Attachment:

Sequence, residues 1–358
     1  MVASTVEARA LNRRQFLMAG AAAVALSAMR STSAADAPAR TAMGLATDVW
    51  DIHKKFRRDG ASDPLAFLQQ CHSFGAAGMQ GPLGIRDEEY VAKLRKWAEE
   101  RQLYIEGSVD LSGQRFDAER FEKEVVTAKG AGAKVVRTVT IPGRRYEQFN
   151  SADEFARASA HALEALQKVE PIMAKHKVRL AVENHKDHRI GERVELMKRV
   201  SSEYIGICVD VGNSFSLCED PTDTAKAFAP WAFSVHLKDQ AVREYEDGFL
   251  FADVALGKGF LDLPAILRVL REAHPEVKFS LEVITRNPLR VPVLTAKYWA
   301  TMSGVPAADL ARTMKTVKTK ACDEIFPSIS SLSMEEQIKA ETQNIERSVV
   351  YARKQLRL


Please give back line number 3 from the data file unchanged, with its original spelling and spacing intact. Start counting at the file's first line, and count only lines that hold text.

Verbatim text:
    51  DIHKKFRRDG ASDPLAFLQQ CHSFGAAGMQ GPLGIRDEEY VAKLRKWAEE